Collateral Ills

During the First World War, 2,504 nursing sisters served in the Overseas Military Forces of Canada. Unlike the British nursing sisters, Canadian nurses were actually part of the army, not an auxiliary unit. They were given the military rank of lieutenant to ensure the respect of the men. 1

There were forty-six Canadian nursing sisters who gave their lives while serving. Six were killed or mortally wounded on land; fifteen met death from enemy action at sea. Eighteen died of disease. 2 Ella Edna Willett, my great-aunt, survived illness not once but three times during her service in France between 1915 and 1919. 3

Ella was born on January 21st, 1892 in Dimock Creek, Quebec, 4 the tenth and youngest child of Alexander Willett and Susan Barter. She trained as a nurse at the Montreal General Hospital in Montreal. 1 On June 3rd 1915 at age twenty-three she enlisted in the Canadian Expeditionary Force. 5 She apparently came from an adventurous family. Three of her older brothers including my grandfather, locally known as the Wild Willet Boys, left home to seek their fortune in the Yukon. Ella may have felt she could match their adventures by going overseas with the army.

Ella served in two Canadian Stationary Hospitals in France, #2 in Outreau and #3 in Boulogne. She also served in two Canadian General Hospitals, #7 in Etaples and #11 in Liverpool, as well as a transport ship sailing between England and Canada. 6

The process to save the wounded began at a casualty clearing station, the patients having been brought from the front by field ambulance. The stations were nearly always situated on a railroad siding. Some patients required immediate surgery, others were moved quickly by ambulance train to better equipped stationary hospitals and still others to general hospitals for long-term care. Some of Canada’s most brilliant and experienced surgeons served in the stationary hospitals. To be one of the nursing sisters who served with them was said to be the highest ambition of most Canadian nursing sisters. 7

The responsibilities of the nursing sisters were long and arduous under grueling conditions: blood and gore everywhere, rats often underfoot, the cries of the wounded, planes soring overhead and the shrieking of dropping bombs.  The sisters had to shorten their skirts to keep them out of the ever present mud. 8

By far the greatest emotional drain on the sisters must have been the huge numbers of casualties arriving day after day and the triage system: deciding who needed immediate attention, who could wait, and who had no hope to survive and had to be left to die. Through all of this the sisters were said to work calmly and remain cheerful and comforting. 9

On September 2nd, 1916 Ella was struck down with appendicitis and underwent surgery herself in Boulogne’s General Hospital. She was given three weeks sick leave to England (at half pay!) before returning to her unit. 10

Two years later, on October 31st, 1918, Ella was again admitted to hospital, this time in Rouen. She was diagnosed with measles complicated by bronco- pneumonia. These were the days before anti-biotics. On November 6th she was listed as dangerously ill and remained on the list for eighteen days. Upon recovery, she was sent to a hospital in the south of France to recuperate (likely once again at half pay). She returned to duty on January 9th, 1919. 11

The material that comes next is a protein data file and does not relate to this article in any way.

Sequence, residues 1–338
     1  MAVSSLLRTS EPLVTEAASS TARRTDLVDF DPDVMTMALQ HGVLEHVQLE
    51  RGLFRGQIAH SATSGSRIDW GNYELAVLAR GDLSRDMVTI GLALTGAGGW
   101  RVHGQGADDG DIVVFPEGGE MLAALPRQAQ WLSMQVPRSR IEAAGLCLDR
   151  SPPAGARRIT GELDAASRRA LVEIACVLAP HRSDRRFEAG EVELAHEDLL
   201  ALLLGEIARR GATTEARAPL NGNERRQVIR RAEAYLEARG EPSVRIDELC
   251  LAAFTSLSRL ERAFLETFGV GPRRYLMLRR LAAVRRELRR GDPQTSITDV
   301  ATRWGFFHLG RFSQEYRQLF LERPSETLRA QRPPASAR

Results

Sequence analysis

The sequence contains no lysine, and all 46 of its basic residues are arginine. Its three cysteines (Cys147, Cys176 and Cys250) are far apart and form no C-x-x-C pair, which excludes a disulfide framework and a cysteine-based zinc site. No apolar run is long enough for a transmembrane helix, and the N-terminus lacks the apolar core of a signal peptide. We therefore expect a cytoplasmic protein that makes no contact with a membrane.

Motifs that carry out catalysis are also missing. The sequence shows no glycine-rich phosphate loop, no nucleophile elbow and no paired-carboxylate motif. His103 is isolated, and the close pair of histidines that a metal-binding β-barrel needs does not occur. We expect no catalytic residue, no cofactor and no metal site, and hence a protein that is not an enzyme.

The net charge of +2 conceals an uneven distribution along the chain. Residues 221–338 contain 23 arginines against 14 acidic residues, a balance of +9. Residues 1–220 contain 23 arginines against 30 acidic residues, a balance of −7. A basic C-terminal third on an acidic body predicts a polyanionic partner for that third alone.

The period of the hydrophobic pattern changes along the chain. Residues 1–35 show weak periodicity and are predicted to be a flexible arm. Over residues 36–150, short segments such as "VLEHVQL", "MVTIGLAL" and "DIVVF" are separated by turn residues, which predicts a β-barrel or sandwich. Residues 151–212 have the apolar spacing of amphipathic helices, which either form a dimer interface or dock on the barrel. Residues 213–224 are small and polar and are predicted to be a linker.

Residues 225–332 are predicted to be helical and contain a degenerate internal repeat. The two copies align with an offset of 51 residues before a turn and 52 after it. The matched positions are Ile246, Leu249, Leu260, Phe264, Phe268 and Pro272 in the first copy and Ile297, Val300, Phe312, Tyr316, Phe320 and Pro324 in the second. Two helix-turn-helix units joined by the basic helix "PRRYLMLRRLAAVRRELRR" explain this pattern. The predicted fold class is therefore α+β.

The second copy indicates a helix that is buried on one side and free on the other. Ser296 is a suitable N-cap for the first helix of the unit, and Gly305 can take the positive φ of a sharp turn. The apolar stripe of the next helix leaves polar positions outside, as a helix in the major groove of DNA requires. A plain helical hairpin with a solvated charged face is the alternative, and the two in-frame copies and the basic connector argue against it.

The final blow for Ella was the Spanish Flu, one of the deadliest diseases in human history.

Spanish Flu attacked young adults and moved with grim speed. Victims’ lungs filled with bloody, frothy liquid and their faces turned blue as they drowned in their own fluids, often overnight. It killed 2.5% of those infected as opposed to roughly 0.1% of previous flu outbreaks. 12

The military provided an ideal incubator for Spanish Flu. The soldiers were in the age group that was particularly vulnerable and they lived in conditions conducive to its spread. Stressed, dirty, hungry, wet and cold, massed in camps, huddled in trenches and tents or jammed into troop trains and ships, soldiers were easy prey. 13 Ultimately they spread the disease to the doctors and nurses who cared for them

Ella was admitted to #4 Canadian General Hospital in Basingstoke, England with Spanish Flu on March 6th, 1919. She was hospitalized a full month but amazingly she survived. 14

Ella returned to Canada in August 1919 under the general demobilization of troops. 15 She married William Boyt, an American, and had one son. William died in in Florida in 1978 at age ninety- one. Ella died in 1985 in Vancouver at age ninety-three. 16




  1. Nicholoson, G.W.L. Canada’s Nursing Sisters. Canadian War Museum, 1975.
  2. Ibid
  3. Willett, Ella. Service File Accession 1992-93-166, Box 10376. Archives Canada
  4. Willett, Peggy. Personal Family Tree
  5. Willett, Ella. Service File Accession 1992-93-166, Box 10376. Archives Canada
  6. Ibid
  7. Nicholson, G.W.L. Canada’s Nursing Sisters. Canadian War Museum, 1975.
  8. Ibid
  9. Ibid
  10. Willett, Ella. Service File Accession 1992-93-166, Box 10376. Archives Canada
  11. Ibid
  12. Lorinc, John. “Peacetime Killer.” Canadas History, Oct. 2018
  13. Sharon Adams. “War and the Spnish Flu.” Legion: Canada’s Military History, Sept. 2018.
  14. Willett, Ella. Service File Accession 1992-93-166, Box 10376. Archives Canada
  15. Ibid
  16. Willett, Peggy. Personal Family Tree

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